The merits and demerits of neoliberalism are rather controversial issues. On the one hand, misinterpreting the term of liberalism and its values leads to confusion in relations between these two perspectives. However, looking back to more thoughtful attitude to liberalism may bring fruitful consequences. Grasping diverse facets of same concepts is only possible when deepening thoroughly in any perspective. Inconsiderate opinion is a vulnerability of neoliberalism. On the other hand, neoliberalism is an answer to quickly changing modern world. Despite misunderstandings between realism and neoliberalism interpretations, new concept could only appear when it was needed. Despite the fact that realism seems to be a broader and more sustainable concept, it has its weak points as well. Perhaps, it is too rough to describe transitory tendencies of the contemporary world. Neoliberalism does not take into consideration all consequences of international anarchy and globalization that realism sees, but at the same time, it gives more freedom to separate participants of international processes (Axelrod and Keohane 247). Probably, it might be useful to develop some unique spheres in global context. While realism is focused on overall picture, neoliberalism often addresses some aspects of smaller scale. Global consequences of this perspective can only be estimated when time passes. Today, one can only conclude that focusing on details may be beneficial feature of neoliberalism, but missing some overall tendencies is its weak point.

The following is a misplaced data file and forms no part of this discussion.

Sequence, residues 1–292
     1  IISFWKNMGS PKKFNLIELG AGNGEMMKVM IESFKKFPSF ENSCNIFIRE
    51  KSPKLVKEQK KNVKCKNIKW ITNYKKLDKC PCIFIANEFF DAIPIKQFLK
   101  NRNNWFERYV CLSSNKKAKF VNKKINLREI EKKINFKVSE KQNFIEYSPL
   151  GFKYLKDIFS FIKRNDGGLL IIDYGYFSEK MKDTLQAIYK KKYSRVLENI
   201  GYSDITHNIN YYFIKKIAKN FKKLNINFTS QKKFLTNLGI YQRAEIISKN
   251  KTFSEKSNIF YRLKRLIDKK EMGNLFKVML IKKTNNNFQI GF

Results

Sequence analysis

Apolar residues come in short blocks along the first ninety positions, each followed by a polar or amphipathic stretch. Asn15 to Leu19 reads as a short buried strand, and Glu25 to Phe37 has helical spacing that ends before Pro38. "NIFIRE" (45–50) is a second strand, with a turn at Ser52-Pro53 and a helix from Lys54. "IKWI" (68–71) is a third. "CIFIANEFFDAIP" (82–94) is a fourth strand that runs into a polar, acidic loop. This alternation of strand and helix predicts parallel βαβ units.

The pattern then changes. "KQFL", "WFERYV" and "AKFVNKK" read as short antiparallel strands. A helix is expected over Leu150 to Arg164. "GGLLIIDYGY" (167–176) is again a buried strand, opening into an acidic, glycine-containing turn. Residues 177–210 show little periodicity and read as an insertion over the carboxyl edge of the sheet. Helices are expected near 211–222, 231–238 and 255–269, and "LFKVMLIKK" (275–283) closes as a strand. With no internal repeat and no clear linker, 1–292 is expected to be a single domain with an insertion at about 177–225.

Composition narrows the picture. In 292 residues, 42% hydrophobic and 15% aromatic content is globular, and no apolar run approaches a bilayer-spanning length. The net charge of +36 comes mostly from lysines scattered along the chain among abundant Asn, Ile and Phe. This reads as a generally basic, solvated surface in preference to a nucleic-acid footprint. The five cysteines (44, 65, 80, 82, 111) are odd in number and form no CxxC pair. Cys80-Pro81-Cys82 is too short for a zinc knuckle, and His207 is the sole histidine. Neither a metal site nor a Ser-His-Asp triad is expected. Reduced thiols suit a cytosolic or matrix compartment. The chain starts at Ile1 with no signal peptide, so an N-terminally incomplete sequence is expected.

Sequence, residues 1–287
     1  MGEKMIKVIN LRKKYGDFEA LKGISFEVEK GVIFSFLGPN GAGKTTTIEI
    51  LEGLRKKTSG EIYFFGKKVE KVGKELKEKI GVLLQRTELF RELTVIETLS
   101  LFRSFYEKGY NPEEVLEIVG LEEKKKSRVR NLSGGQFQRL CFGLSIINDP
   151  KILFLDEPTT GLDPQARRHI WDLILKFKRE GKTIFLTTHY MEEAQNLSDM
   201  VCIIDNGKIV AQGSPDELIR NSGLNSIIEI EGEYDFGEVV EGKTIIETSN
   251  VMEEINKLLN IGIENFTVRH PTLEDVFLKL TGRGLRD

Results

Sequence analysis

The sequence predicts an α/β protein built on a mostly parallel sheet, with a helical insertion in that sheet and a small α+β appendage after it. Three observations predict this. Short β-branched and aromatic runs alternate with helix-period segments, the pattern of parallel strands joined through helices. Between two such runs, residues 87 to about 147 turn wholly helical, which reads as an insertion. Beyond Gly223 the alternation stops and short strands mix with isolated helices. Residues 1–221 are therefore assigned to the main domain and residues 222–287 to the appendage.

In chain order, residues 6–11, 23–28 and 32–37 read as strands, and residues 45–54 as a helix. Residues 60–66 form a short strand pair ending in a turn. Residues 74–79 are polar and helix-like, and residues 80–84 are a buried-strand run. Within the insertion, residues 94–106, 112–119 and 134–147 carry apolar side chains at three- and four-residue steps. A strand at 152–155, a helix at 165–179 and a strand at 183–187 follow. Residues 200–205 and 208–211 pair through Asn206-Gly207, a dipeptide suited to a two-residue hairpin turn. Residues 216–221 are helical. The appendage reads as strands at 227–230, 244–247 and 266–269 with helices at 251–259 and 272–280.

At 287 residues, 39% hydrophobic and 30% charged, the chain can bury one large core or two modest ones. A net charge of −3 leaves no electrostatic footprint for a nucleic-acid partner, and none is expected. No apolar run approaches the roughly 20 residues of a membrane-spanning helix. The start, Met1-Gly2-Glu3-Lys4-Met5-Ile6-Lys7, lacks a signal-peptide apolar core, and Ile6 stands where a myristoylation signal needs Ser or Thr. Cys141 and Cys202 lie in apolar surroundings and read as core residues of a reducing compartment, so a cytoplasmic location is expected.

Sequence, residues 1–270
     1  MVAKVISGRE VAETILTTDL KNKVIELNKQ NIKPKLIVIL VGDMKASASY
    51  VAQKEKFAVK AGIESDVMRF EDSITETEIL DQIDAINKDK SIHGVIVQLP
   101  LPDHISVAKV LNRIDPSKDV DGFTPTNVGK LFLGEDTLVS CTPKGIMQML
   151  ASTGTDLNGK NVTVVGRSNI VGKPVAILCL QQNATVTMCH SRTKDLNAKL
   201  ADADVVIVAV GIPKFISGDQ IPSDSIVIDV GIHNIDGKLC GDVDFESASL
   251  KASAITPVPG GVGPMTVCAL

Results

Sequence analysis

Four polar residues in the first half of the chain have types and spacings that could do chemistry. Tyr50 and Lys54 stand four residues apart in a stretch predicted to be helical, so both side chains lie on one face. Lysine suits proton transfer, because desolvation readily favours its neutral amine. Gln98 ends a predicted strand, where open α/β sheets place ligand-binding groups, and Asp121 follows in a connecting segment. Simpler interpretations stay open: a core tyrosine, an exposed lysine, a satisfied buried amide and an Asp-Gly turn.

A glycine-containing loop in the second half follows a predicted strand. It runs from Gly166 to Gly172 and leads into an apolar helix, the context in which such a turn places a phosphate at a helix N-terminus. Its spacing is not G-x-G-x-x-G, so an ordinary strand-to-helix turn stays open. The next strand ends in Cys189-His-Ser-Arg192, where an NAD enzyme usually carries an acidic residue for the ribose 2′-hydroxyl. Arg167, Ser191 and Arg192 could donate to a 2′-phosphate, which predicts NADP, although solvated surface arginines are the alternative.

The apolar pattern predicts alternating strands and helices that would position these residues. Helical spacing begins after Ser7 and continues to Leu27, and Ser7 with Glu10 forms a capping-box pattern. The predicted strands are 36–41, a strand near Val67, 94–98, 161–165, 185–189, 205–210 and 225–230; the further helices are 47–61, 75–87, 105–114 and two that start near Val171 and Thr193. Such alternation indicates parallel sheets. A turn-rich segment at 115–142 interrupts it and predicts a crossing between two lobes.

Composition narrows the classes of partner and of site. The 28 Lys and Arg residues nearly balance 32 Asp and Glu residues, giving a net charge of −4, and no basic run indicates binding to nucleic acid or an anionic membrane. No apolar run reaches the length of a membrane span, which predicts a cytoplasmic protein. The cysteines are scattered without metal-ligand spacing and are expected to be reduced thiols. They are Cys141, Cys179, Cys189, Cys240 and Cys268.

Realism can be considered rougher than neoliberalism perspective by hardly reckoning with other points of view. Despite the fact that neoliberalism is thought to misunderstand some suppositions of realism, it was created, as the world needed fresh views. The one-sided characterization of neoliberalism is unobvious before it stands the test of time.
Axelrod, Robert, and Robert O. Keohane. “Achieving Cooperation Under Anarchy: Strategies and Institutions” World Politics, vol. 38, no. 1, 1985, pp. 226-254.
Doyle, Michael W. “Kant, Liberal Legacies, and Foreign Affairs.” Philosophy and Public Affairs, vol. 12, no. 3, 1983, pp. 205-235.
Grieco, Joseph. “Anarchy and the Limits of Cooperation: A Realist Critique of the Newest Liberal Institutionism.” International Organization, vol. 42, no. 3, 1988, pp. 485-507.
Jahn, Beate. “Kant, Mill, and Illiberal Legacies in International Affairs.” International Organization, vol. 59, 2005, pp. 177-207.
Mearsheimer, John J. “The False Promise of International Institutions.” International Security, vol. 19, no. 3, 1994/95, pp. 5-49.